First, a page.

In 1831, Joseph Thaddaeus Winnerl presented his chronoscope in Paris: It was the first pocket watch with a seconds hand that could be stopped and restarted without having to stop the entire movement. It was the first watch that allowed the duration of an event to be measured without losing the current time. Unlike today’s solutions, the respective mechanism was located beneath the dial. One of Winnerl’s most eager students was Ferdinand A. Lange, who spent a large portion of his apprenticeship years under Winnerl’s supervision.
From the chronoscope to the TRIPLE SPLIT The development of the rattrapante function
The first split-seconds mechanism
In the years leading up to 1838, Winnerl then developed the first split-seconds mechanism. It had two superposed seconds hands that could be separately stopped and resynchronised. One of them indicated the beginning, the other one the end of an event. The time difference allowed the stopped time to be calculated. With a bit of creativity, two times could be determined as well. The practicality was still somewhat limited because it was not possible to zero both hands.
The invention of the zero-reset heart cam
In 1844, Adolphe Nicole was granted a patent for a mechanism that made it possible to zero the seconds hand. The “heart” of this mechanism is a so-called zero-reset heart cam, which is still used in most mechanical chronographs today. But it took another 18 years before he presented this device in a watch case. In 1862, it was the first pocket watch that mastered all three basic functions that constitute a chronograph: start, stop and reset. This invention also lent itself to rattrapante hands.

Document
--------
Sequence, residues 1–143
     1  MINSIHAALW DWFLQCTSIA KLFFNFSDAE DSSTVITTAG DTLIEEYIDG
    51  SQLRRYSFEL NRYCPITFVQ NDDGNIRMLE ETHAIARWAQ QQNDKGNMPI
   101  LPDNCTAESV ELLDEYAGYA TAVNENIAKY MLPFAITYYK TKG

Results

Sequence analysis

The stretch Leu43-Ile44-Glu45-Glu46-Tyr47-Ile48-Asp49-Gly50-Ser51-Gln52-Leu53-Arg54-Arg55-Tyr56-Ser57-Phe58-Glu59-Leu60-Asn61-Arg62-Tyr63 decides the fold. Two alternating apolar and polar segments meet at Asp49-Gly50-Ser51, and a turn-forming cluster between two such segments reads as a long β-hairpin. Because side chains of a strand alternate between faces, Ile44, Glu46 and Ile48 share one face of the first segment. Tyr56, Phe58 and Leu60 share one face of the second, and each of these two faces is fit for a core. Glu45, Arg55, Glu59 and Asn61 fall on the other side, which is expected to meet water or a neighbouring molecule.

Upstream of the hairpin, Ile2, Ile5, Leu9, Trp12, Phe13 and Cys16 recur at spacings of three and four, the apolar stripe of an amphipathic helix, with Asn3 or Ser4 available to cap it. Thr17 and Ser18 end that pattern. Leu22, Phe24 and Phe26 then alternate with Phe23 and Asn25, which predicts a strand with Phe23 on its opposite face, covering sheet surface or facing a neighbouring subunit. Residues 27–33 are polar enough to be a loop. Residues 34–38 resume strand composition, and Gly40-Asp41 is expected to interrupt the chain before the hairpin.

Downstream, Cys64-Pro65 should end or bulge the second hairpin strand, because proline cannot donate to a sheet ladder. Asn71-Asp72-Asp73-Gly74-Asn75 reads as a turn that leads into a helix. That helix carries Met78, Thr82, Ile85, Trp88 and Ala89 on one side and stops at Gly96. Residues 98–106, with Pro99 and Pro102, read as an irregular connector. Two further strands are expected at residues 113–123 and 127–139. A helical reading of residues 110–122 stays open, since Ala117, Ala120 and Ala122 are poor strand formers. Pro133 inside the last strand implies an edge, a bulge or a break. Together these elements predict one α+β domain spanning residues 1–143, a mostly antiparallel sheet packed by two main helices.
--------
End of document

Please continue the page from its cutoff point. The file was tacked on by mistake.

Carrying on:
Switched sides and minute counter
Around 1880, Auguste Baud placed the entire chronograph and split-seconds mechanism on the caseback side for the first time, making it much easier to adjust. Consequently, the characteristic rattrapante clamp was now visibly integrated in the movement. Baud also enriched the chronograph by adding a minute counter that allowed the measurement of longer time intervals.
Split-seconds hands for the wrist
The first wrist chronographs with rattrapante hands emerged around 1912. The movements were still as large as pocket watches, but they were gradually miniaturised and in the 1930s had the same format as ordinary wristwatches. Accommodating the plethora of levers, springs and clamps in such a small space was a noteworthy horological accomplishment.
Pinnacle, demise and revival
The first serially produced basic movements with a split-seconds function were introduced in the 1940s. But two decades later, they almost totally disappeared from the market. For a long time, split-seconds chronographs all but vanished. When mechanical watches reappeared in the 1980s and 1990s, they attracted attention again and some watch brands introduced new models, often with improved or innovative mechanisms. But in all of them, the rattrapante function was restricted to the seconds-counter range.
The first double rattrapante
In 2004, for the first time in the history of precision watchmaking, A. Lange & Söhne presented a double rattrapante chronograph: the DOUBLE SPLIT. The watch had not only two seconds counters but also two minute counters. Its rattrapante seconds counters and rattrapante minute counters could be stopped independently of the chronograph hands and later resynchronised again. This extended the range for lap-time measurements from 60 seconds to 30 minutes. So far, no other watchmaking company offers this function.
The apex of the rattrapante function
While even the DOUBLE SPLIT has no competition, the TRIPLE SPLIT that debuted in 2018 goes a step further. It embodies the pinnacle in the evolution of the rattrapante function and is deemed the ultimate chronograph. With the addition of a third, separately stoppable hand pair, the chronograph and rattrapante functions can now be used for measurements that last up to 12 hours. This is achieved with a manufacture movement of incomparable complexity.